Patina – Chapter 77

This was it. The Hunter pulled the cannon up on his other shoulder. Damn this thing was heavy. Next to him, Cloria raised her protective torch, the crimson smoke reduced now to a single ribbon rising straight into the shite sky. 

“There’s nobody here,” she commented, passing her hand nervously on her gun. The rows and rows of pines showed no looming shadow behind them. The Fae that had tormented him for so long also seemed to have disappeared. No Eerie. No beasts. Even the snow had died down to just a few wavering flakes.

“The forest is drawing a breath,” he said. He put two fingers to his heart and kissed them. 

Cloria cringed and quickly signed herself. 

“Do you really have to?”

“This is her home, that you like it or not. She’s allowing us a quick respite. Let’s make use of it.”

“But why would the Wicked Fae help us like this?”

The Hunter shrugged.

“Spirits, how do I know? She’s as capricious as the moon.”

They followed the trail of footsteps: a single line of lighter, almost-invisible ones, barefoot. And three rows of heavy boots chasing it. 

While they proceeded, he kept in mind the position of their moth friends. The family of four would proceed from the eastern flank in a flanking maneuver. Too bad Elissa wasn’t there. She could have help them link their minds, or at least pass their hunched together. His blood magic did not work on victims of the Tide and Cloria was far from powerful enough to provide a conduit. They’d have to rely on his own intuition. 

Next to him, Cloria hissed through her teeth.

He looked to his right and winced.

“That must be why,” he whispered. “A tribute had already been paid.”

“S-Spirits…” Cloria cupped her mouth, who knew if to keep a wail or a retch in. 

The line of Sadja’s traces proceeded downwards to her meeting with Verna, but the three men had met with a doom of their own. 

They lay in mid-air like a bizarre sculpture as a web of hooked brambles pulsed and breathed under their skin, cutting through their muscles and tendons, stretching them into a fine filigree of entrails, blood vessels, bone fragments and hair. The three still twitched and groaned with lacerated tongues, eyes bulging out of orbits overgrown with spikes.

All three were still breathing. 

And beyond any help.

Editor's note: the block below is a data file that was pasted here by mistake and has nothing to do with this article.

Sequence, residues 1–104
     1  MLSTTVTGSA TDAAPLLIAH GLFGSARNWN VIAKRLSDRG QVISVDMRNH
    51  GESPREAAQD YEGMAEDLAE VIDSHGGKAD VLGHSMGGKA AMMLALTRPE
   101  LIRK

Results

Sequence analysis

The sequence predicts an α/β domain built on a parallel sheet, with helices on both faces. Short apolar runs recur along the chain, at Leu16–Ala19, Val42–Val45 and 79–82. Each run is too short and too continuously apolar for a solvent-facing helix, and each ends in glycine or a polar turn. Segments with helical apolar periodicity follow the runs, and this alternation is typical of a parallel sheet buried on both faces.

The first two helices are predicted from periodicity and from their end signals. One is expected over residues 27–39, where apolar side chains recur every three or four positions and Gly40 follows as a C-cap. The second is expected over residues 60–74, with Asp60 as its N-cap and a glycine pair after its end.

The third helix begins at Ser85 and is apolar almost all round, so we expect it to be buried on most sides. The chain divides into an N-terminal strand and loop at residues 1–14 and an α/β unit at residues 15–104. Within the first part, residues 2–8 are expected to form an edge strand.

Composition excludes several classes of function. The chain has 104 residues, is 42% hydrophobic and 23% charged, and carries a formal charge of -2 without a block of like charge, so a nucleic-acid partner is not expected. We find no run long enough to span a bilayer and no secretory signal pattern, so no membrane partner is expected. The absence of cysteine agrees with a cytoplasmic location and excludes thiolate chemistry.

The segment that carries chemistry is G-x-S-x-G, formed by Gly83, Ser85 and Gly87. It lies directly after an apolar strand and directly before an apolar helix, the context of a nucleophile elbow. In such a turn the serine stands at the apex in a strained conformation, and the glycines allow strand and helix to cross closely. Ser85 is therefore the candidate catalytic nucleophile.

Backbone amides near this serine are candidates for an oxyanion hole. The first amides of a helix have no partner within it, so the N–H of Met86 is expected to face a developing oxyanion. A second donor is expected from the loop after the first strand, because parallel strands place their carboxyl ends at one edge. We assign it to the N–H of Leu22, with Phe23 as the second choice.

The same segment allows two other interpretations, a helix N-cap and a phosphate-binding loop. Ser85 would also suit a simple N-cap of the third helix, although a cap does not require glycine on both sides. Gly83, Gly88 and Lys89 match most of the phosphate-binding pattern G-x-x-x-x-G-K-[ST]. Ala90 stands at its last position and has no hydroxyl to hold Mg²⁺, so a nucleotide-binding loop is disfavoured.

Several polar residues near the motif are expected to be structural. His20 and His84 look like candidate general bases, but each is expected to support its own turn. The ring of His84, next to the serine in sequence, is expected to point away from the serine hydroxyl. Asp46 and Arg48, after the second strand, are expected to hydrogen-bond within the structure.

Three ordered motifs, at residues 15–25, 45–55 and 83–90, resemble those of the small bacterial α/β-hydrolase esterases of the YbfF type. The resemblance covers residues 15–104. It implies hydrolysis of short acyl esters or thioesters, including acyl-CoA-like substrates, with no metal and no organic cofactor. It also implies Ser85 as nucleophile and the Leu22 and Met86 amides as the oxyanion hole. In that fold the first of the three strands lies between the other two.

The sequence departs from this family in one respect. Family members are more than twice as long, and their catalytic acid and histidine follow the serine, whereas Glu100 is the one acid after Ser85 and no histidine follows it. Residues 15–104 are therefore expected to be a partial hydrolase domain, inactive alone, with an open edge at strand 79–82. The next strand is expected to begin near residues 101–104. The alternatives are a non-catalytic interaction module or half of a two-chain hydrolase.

“One gift for every thing She takes,” he whispered, turning his gaze down to Sadja’s trace. “Come on, Cloria. Let’s make it count.”


The first thing that hit Sadja was the smell. As she passed through the glider’s entrance and stepped on the cold metal floor, freezing her soles so much more than the fresh snow outside, her head swam with the aseptic feeling on that same overly-clean smell. Her hands twitched. She pulled her tail between her arms as Verna gently (firmly, without a chance for any reply) guided her towards a chair. 

“That’s a good girl,” she said pulling up the chair without even touching it. Her smile was all-encompassing, looming over her like the sharpest sickle of the moon. “You must have been so afraid, alone out there. Didn’t I always tell you the outside is such a bad place for you?”

She crouched next to her, holding her hands in one of hers while with the other she cupped her cheek. 

Sadja hesitated. This was… this was not right.

This was not what she wanted. 

I don’t want to-

Verna shook her head. Clicked her tongue.

“Your head is full of cobwebs. Dirty, stupid ideas that grew there like choking weeds. You have no need for them. My beautiful, sweet Sadja. You only need to go back with me. It’s going to be just the three of us.”

Three? What did she mean with three?

No… there was something else… something else she wanted to focus on. 

It was not right for her to be here. She was not supposed to be here. 


On the snow.

In the forest.

Tucked away in Belacqua.

With her moth friends.

The… Hunter.

“Don’t you want to go back with me?”

Memories flooded her mind. The very first, holding onto the same woman, almost ten years younger, her child arms grasping at her white cloth, her eyes trying to peer through her mask to look for a genuine smile. 

The same smile as she petted her, telling her how much of a good girl she was.

Just as she hooked her up on needles